Thursday, September 22, 2016

Asymmetrical Signing with Google Macaroons

I'm a big fan of Macaroons but it's always bugged me a bit that if you want separate issuing/consuming services you need a shared secret between them.  Main reason I didn't like this is that the consuming service then had the power to create new macaroons with different permissions. Of course the consuming service doesn't exactly need permission to access/modify its own resources so it's really only an issue if you don't use different shared secrets for each service.  It also makes it a rather big pain to rotate secrets as you have to update it in multiple places.

One of the things I really like about signed JWTs is that anyone can safely verify the token without accidentally allowing people to create new ones.  So i've been pondering the idea of public private keys and macaroons for a while trying to figure out if they can work together nicely.

Not sure how useful this is, but I haven't seen anyone else write about this topic (which could be a bad sign for security) so thought i'd do a brain dump.

Disclaimer: The following was a shower thought and has not been particularly well explored so it might not be particularly secure (I'm a security enthusiast but not an expert,  I have revised this post at least once fixing a couple of silly mistakes.)

Standard Method = Token + Secret => Hash then send the Token + Hash to relying party

To verify the token you need to know the Secret.

Adding PPK is really quite simple, you simply encrypt the secret + hash used as part of the macaroon signature using your private key and include the result as part of the token. This means anyone with the public key can verify the tokens authenticity and then that the chain afterwards is valid.

Potential PPK Method = Token + Secret => Hash then send Token + Hash + Encrypted Secret to relying party  - T + S => H, send T:H:E(S)

To verify the token you first obtain the secret by decrypting it, then follow the standard Macaroon verification.

Chaining after this point works the same as previously, the old hash is used as the secret for the new token.  T + T1 + OldHash => New Hash, then send T + T1 + NewHash + Original Encrypted Secret.

However, this isn't quite enough, anyone with the decryption key could change the token, create their own hash with the secret they decrypted and pass on the old encrypted secret with the message. For this reason the original hash also needs to be included in the encryption for verification.  T:H:E(SH) or T:T1:H1:E(SH) for a chained message.  It also needs to be included decrypted so that chaining works (can't chain without the previous hash).

It does mean anyone with the public key can remove constraints that were added after the original server by rebuilding the entire chain without the offending parts, so you still don't want to give the public key to just anyone. But that's a limitation with Macaroons in the first place, the secret key is secret for a reason.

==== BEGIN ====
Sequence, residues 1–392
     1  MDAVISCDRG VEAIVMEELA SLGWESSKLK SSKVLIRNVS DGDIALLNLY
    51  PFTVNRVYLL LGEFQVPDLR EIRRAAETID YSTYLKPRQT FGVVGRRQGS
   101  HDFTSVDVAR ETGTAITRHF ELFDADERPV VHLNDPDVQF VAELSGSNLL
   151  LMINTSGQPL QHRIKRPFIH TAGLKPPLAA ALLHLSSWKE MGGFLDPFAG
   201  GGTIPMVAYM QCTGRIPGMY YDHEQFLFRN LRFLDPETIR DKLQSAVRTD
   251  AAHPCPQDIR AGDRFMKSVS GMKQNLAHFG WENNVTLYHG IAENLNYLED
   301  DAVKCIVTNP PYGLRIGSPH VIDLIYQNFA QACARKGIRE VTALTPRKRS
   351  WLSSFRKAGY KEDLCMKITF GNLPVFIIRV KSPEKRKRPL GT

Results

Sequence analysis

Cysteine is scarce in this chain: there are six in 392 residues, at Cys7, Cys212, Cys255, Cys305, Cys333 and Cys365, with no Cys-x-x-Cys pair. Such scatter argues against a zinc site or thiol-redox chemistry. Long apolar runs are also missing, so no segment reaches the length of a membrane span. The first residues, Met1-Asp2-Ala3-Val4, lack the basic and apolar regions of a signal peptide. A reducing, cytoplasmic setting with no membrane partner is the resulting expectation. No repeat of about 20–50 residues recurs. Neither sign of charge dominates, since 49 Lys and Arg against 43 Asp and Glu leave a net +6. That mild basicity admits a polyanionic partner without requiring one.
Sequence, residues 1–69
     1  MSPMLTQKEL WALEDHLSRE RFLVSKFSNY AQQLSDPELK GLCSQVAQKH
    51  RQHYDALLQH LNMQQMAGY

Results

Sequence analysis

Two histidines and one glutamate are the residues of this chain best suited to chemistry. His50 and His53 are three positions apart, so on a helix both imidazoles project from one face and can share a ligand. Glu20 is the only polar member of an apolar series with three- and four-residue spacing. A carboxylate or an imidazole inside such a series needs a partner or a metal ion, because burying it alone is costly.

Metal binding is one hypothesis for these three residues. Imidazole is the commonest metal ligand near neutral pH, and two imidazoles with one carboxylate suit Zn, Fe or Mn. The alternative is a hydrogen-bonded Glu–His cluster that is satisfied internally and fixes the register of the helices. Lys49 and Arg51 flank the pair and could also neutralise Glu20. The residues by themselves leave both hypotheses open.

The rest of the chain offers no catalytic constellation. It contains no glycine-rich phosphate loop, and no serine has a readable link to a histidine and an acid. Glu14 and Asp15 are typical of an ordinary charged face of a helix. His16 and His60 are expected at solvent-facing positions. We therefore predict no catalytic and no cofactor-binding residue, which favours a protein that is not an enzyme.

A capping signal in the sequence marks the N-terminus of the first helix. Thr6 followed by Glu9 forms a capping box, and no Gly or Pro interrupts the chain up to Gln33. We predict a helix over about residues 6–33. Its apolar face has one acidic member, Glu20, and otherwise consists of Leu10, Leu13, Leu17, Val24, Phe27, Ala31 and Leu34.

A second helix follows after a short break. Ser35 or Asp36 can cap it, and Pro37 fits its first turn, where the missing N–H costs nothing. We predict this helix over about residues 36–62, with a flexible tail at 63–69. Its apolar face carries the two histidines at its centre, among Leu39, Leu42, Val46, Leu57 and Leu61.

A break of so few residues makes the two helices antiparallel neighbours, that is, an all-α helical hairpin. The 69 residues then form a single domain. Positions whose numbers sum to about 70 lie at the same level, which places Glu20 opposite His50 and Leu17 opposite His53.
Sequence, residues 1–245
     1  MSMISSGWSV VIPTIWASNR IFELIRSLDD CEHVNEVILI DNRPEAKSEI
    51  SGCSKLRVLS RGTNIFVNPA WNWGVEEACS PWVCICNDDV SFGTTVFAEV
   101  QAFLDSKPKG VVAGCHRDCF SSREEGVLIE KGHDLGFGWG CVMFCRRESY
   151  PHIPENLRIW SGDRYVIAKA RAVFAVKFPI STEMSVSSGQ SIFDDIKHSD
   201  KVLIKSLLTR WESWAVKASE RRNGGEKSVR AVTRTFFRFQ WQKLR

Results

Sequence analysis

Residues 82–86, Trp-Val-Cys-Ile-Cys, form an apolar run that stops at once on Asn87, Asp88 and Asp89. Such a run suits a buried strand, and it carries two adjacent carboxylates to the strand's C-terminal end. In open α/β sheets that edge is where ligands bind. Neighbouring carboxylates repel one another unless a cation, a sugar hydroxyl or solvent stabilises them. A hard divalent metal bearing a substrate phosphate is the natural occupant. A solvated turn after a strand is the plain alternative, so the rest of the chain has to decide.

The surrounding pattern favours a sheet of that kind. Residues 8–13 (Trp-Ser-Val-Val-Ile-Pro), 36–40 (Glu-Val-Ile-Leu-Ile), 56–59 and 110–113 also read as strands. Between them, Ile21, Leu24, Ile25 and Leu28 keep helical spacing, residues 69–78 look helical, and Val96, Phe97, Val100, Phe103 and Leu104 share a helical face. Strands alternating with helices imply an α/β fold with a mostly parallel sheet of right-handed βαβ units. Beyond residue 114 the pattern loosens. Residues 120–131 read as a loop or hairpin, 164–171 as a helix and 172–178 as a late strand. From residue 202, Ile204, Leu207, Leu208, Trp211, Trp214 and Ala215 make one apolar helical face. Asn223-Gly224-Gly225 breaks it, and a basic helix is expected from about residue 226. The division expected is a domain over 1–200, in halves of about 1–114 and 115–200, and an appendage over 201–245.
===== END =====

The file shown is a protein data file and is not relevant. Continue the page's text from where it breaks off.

I believe it still allows constraints to be added to the token by anyone it passes through, which still makes it more powerful than standard JWT PPK verification.

What it appears to allow is the secret to be rotated or even randomized completely, that might not be a major benefit when you consider you have a new secret (being the 'public' decryption key) which is still hard to rotate as it's not really public (and could introduce problems due to people treating it too publically) but actually just asymmetrical encryption with different secrets at the issuer / consumer.

So overall I think it's an improvement over standard Macaroons but still doesn't solve everything I was hoping for.

  • Consuming services can't create new tokens
  • Still can't easily rotate keys
But maybe something like the ratcheting from Whisper could be used to improve that (

Dynamic Navigation via Claims-based Dependency Injection (website composition)

It's not uncommon for websites to show/hide navigation based on what roles a user has.  This become more problematic when the links being shown/hidden are links to other websites.  Each site then needs to know about the others and any time you deploy a new site as part of the suite you need to update each app to add it, and maintain the logic based on roles for which items to show hide.  A solution i've seen for this is to create a webservice and ask it what nav you should be showing, I'm not a huge fan of pull based services so this has always bugged me.

I am however a big fan of Dependency Injection and while this issue isn't exactly all that related, it occurred to me that your login portal (WS-Fed, OAuth or whatever) can kind of be used like a DI Container to inject things into dependent apps.  The change is extremely simple, instead of the IdP (just) telling apps what roles the user has, they also pass through a list of navigation items to display for that user.  The nav then becomes a fairly dumb component that just reads the claims passed in and shows them.  Thus centralising all the logic around what to show to what user, and considering the IdP normally has a list of relying parties anyway it's not exactly new information to it.  Of course it doesn't really work for internal links or links to systems not controlled by the IdP.

This is great when different roles have a different subset of apps they have access to, you can use this technique to create modular user portals that reuse common functionality/apps but still make it feel like a single portal (as long as look and feel is common).  Where it becomes really neat is when you start looking into beta testing / A/B testing / slow rollouts where you can replace entire applications for specific user groups with a newer version instead of a big bang approach.  Again not really suitable for in app features (especially if you have multiple different toggles) but for that you can fall back to roles.